(Disclaimer – Not medical advice. Always see a doctor if knee pain occurs.)
Our knees are complex joints that withstand a lot of motion and pressure in day to day activities. When you double that workload with the intensity of a run the appearance of knee pain becomes more common.
If you are currently experiencing knee pain associated with running, you are not alone. Most runners have experienced some form of knee pain during their running career, myself included, and we all have to determine if it is safe to run with the knee pain we experience.
Knee pain associated with running comes in a variety of sensations and intensities that are as unique as the people they affect but don’t worry, knee pain does not always mean you have to stop running. If you know what to look for you may be able to run through some knee pain and even treat it yourself. However, this is not always the case so an understanding of knee pain types and triggers is crucial.
Let’s explore some types of knee pain and their common sources so you can identify if you can run with your knee pain or if you should see a doctor instead.
Assess Your Knee Pain
Pain is an extremely personal experience. Everyone interprets and responds to pain differently, so the first step should always be personally assessing your knee pain.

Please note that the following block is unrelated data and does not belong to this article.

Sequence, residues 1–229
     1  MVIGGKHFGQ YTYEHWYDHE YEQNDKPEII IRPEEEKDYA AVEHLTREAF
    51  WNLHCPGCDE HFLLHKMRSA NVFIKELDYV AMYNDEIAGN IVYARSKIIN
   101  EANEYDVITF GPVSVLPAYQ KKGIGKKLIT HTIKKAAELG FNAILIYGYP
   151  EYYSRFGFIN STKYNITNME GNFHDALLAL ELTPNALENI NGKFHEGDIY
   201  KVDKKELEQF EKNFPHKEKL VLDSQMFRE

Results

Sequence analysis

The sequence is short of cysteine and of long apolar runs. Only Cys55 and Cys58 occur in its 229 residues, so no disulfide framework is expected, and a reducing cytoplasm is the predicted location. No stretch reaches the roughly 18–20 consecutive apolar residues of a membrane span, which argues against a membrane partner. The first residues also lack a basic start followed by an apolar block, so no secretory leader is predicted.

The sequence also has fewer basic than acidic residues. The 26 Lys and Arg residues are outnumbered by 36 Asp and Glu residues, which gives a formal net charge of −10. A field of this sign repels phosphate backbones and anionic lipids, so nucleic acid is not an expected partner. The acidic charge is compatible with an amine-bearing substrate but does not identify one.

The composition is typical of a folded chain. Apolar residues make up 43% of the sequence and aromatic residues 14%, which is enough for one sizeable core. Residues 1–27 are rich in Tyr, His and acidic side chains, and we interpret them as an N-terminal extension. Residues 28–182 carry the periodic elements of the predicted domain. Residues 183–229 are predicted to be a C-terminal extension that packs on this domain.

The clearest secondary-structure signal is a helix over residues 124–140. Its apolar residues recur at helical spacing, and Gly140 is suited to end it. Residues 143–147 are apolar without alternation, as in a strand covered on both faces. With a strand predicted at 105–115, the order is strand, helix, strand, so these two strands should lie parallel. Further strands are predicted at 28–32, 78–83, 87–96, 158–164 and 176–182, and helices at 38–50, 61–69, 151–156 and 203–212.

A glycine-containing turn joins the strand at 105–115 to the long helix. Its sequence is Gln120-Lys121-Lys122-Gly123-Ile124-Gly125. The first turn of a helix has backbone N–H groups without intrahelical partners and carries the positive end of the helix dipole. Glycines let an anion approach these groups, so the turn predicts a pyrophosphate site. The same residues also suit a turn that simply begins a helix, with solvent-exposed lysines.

When I notice pain arising in my knees I take the time to ask myself a few questions. This allows me to best assess my pain level, determine probable causes, and identify changes in the pain over time.
- When do I feel pain?
- Before a run, during a run, after a run, or even all three?
- How long does the pain last?
- If this is an ongoing pain consider when it first started. If it is recurring, average the length of each episode.
- Where do I feel pain?
- Get specific with how deep the pain is and work on pointing out the area(s) it affects.
- Are there specific emotions that trigger or intensify my pain?
- Climbing stairs, kneeling, walking, jumping, or maybe something more specific?
- Are my knees buckling or locking?
- Buckling feels like your knees are slightly and unpredictably giving out while locking has to do with an inability to bend the joint in any way.